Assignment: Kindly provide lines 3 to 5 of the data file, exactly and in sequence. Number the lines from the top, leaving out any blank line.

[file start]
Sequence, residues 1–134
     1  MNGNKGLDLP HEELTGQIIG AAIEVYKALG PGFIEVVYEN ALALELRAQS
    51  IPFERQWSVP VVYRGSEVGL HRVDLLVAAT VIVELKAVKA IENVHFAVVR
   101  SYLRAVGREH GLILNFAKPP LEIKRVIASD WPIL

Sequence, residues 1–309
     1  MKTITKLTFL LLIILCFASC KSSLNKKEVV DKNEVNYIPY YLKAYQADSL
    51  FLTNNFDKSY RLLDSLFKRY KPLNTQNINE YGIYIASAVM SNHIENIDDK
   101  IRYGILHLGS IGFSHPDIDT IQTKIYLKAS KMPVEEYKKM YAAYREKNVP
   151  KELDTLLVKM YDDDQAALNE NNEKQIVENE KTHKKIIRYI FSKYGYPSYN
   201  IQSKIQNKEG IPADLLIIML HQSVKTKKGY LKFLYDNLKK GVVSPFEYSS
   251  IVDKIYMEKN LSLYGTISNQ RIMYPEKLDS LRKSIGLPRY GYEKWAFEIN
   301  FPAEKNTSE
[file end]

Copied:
    51  IPFERQWSVP VVYRGSEVGL HRVDLLVAAT VIVELKAVKA IENVHFAVVR
   101  SYLRAVGREH GLILNFAKPP LEIKRVIASD WPIL

Sequence, residues 1–309